Backers of the FCC's C-Band auction have tapped former House Intelligence Committee chairman, Rep. Mike Rogers (R-Mich.), to head a new advocacy group, 5G Action Now.
As its name suggests, it wants the FCC to light a fire under the FCC, leveraging the argument that not to free up C-Band spectrum ASAP could hurt the U.S. in a race with China for 5G supremacy, something the Trump Administration has argued could be the case.
"The urgency of successfully rolling out 5G across the country cannot be overstated. 5G Action Now supports the Federal Communications Commission’s goal of holding an auction, this year, for the allocation of the C-band, the frequency spectrum necessary to deliver ubiquitous 5G services," the group said.
“Leadership of 5G and its rollout is not a Republican or a Democratic issue, it’s an American issue. If we cede victory in this race to Beijing, no one wins,” Rogers said in a statement. “The Chinese understand how important 5G is to America’s economy, national security, and global leadership,” Rogers said. “That’s why Beijing poured massive subsidies into Huawei, worked to undercut international competition, and waged a campaign of unprecedented economic espionage to dominate 5G. It is crucial that we don’t allow China to outspend and outplay us on the 5G field.”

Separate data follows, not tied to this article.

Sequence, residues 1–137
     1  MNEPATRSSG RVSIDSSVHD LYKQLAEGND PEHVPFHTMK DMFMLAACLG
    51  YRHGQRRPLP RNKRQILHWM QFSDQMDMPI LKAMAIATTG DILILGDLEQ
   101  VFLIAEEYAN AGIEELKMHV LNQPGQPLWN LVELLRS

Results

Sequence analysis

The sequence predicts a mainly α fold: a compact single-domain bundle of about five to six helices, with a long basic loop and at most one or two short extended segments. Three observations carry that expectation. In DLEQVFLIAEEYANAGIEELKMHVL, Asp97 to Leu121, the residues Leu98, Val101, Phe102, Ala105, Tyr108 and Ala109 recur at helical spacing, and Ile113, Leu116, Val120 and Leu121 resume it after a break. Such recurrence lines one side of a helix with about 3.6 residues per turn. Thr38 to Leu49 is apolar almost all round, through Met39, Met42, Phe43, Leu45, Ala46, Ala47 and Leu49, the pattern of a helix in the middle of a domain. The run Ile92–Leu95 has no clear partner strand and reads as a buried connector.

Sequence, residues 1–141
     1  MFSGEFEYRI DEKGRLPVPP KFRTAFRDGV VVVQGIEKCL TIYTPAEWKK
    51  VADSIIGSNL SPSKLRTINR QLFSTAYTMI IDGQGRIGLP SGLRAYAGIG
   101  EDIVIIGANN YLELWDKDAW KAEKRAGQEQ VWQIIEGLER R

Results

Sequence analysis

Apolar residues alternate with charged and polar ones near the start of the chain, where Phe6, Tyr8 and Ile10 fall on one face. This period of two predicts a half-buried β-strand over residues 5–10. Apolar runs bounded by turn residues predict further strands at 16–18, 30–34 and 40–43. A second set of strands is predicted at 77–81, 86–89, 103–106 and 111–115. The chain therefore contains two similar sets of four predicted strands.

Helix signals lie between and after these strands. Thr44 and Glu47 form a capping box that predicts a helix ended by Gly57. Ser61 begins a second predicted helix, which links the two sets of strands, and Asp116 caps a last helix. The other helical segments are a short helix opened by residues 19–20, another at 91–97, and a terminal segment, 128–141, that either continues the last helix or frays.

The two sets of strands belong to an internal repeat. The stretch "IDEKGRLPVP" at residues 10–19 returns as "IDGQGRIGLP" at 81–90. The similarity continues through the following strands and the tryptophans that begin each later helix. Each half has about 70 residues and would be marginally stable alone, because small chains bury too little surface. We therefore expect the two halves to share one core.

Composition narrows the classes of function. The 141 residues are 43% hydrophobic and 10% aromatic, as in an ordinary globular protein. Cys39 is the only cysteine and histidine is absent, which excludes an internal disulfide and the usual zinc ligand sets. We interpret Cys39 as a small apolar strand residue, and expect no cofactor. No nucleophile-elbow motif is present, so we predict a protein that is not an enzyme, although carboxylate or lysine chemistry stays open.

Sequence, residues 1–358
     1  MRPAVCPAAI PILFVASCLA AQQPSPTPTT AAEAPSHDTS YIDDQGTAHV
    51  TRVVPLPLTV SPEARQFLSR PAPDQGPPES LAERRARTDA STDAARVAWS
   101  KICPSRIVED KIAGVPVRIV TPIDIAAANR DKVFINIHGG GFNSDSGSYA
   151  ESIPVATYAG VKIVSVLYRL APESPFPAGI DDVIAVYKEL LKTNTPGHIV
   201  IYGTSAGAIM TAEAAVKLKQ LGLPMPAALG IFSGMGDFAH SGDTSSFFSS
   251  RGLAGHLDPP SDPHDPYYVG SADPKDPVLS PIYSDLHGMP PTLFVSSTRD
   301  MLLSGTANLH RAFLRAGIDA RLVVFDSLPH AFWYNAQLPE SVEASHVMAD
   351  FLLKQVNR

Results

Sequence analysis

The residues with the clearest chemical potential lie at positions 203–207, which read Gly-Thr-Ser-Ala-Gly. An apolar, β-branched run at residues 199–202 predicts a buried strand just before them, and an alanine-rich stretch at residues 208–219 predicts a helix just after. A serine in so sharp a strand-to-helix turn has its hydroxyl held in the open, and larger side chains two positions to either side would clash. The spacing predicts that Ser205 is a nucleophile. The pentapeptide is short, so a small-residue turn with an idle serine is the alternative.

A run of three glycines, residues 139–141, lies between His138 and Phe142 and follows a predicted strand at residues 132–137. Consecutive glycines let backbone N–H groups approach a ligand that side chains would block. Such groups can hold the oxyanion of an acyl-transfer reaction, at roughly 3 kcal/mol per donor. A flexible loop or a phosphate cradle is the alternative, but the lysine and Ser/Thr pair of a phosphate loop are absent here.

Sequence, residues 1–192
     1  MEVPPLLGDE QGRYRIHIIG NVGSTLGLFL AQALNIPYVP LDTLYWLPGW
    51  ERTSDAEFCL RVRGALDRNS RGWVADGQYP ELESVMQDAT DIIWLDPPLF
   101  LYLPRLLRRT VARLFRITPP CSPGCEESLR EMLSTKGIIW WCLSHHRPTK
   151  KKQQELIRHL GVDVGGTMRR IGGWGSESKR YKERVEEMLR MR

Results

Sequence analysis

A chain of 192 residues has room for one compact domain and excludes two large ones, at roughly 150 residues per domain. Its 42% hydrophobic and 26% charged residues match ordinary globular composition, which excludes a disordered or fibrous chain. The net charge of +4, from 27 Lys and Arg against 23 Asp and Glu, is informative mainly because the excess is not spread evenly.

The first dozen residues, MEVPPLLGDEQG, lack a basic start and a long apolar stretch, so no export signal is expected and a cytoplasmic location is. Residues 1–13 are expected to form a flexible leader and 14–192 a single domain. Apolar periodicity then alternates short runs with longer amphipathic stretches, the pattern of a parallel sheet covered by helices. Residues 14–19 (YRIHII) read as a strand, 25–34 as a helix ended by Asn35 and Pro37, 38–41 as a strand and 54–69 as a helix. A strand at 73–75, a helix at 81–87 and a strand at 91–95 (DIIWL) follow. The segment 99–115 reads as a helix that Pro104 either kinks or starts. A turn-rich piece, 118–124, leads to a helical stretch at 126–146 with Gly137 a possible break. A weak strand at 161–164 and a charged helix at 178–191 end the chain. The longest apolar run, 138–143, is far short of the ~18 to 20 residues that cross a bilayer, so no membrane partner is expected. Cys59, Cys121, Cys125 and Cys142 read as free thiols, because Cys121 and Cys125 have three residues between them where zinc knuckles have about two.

FCC Chairman Ajit Pai announced back in November that he would be proposing an FCC auction of 300 MHz of the band, inclusive of a 20 MHz guard band, with the balance of the 500 MHz band reserved for satellite delivery of network programming to broadcasters and cable operators, which he said must be protected from interference.
Incumbent services, including those supplying network programming to broadcasters and cable operators, will have to be repacked from the 500 MHz to the upper 200 MHz.
The FCC will move directly to vote on an order on the public auction approach--the order has not yet been released--rather than a notice of proposed rulemaking with a notice and comment period. FCC officials speaking on background said that there would be comment sought on actual auction procedures.
The debate has been whether to hold a public or private auction--the satellite operators currently providing broadcast and cable network program delivery services in the band have been proposing a private auction, most recently of 300 MHz, while cable ops had preferred a public auction of even more spectrum, and perhaps eventually all of it as they moved to fiber delivery.